Code breakers – Blogger code not too popular

Now begins the usual back-tracking. “What I actually meant was…” “I think you got me wrong there, I wasn’t saying” “No, what I was saying is different.” Abort, Retry, Fail.

So who doesn’t like the code of conduct idea? Here are just a few from my own feed reader:

Pat Phelan:

I can personally promise that I will never subscribe to a site or will unsubscribe to one that has this crap displayed.
Whatever happened to freedom of speech. If I don’t like you I will let you know and I totally subscribe to Shel Israel’s living room policy rather than this police state bull.

Paul Watson:

I am on the side of anarchy in this. It comes down to the individual how they run their domain. So long as it is legal I don’t want interference from any party. It is the readership that decides what they read.


While we’re at it, how about an ombudsman, required ethics courses at J-school, and regulation by the FCC? Because that’s worked so well for America’s breathtakingly turgid daily newspapers, and bland network news

Hugh Macleod:

I suppose if it makes some people feel better about their lives, then that’s a good thing. Whatever.

Michael Arrington:

And whenever someone, no matter how much I respect them, tries to tell me what I can and cannot do by defining “civility� around their own ideals, I tense up. It feels like a big angry mob is arming itself to the teeth and looking for targets, and I need to choose whether I’m with them or against them.

Jeff Jarvis:

This effort misses the point of the internet, blogs, and even of civilized behavior. They treat the blogosphere as if it were a school library where someone — they’ll do us the favor — can maintain order and control.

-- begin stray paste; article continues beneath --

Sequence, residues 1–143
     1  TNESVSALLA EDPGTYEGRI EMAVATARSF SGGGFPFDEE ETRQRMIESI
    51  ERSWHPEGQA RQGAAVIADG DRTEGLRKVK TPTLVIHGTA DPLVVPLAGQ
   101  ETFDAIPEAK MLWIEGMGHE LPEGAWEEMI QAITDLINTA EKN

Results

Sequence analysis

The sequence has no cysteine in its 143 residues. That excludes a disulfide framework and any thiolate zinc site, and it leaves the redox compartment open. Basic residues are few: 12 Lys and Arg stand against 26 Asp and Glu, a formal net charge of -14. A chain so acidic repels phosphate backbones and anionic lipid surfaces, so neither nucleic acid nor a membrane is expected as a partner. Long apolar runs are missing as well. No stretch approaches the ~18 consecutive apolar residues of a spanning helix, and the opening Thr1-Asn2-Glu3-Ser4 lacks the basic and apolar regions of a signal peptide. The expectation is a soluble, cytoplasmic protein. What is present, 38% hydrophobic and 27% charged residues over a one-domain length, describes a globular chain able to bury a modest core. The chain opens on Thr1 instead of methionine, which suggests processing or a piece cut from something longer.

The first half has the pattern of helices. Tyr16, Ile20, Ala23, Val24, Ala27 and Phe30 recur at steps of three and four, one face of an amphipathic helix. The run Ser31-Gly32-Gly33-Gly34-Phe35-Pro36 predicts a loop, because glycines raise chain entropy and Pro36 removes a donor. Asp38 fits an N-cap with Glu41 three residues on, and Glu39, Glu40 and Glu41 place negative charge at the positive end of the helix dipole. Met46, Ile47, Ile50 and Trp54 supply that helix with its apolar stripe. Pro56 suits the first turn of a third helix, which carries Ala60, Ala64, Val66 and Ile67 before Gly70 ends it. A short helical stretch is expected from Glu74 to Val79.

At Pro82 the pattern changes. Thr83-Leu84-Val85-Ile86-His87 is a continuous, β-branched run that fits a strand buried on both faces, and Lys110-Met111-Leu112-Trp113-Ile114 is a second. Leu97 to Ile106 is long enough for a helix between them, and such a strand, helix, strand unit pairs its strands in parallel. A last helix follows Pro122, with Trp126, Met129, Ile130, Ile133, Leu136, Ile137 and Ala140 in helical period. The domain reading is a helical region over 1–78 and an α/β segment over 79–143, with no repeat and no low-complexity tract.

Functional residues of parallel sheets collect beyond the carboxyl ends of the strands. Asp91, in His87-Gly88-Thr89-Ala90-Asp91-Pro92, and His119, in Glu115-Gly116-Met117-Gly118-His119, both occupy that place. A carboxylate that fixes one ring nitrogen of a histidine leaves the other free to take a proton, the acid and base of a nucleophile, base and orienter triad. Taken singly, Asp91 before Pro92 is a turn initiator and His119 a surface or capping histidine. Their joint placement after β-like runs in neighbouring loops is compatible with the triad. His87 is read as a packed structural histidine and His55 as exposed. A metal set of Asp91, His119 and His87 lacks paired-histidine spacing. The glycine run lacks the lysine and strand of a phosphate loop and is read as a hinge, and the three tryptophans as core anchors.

Dave Winer:

If you want to reform the blogosphere, here’s where to start. Have a brigade of people whose job it is to put out fires when they start. To defend the people who no one wants to defend. That, imho, would be a very positive first step.

JP Rangaswami.:

When you take the lyrics of John Lennon, or for that matter even some of the early Bob Dylan, civility is not the word that comes to mind. They’re passionate to the point of being irascible.

Fred Wilson:

Blogs are the epitome of free speech. Let’s not take an iota of freedom away from them.

Jason Kottke:

There has to be a mechanism for anonymous comments, even if they need to be approved before being posted. As the EFF says, “anonymous communications have an important place in our political and social discourse”.

Twenty Major (In the comments on O’Reilly’s blog post):

A blogger’s code of conduct is the biggest load of simpering bollocks I’ve ever heard in my life.

Nobody is clear to the exact words from Ben Franklin but this is close enough to what he said:

Those who would sacrifice essential liberties for a little temporary safety deserve neither liberty nor safety.

I like this variation: Those who would sacrifice Internet freedoms for some pieces of silver deserve to be called money grabbing cunts.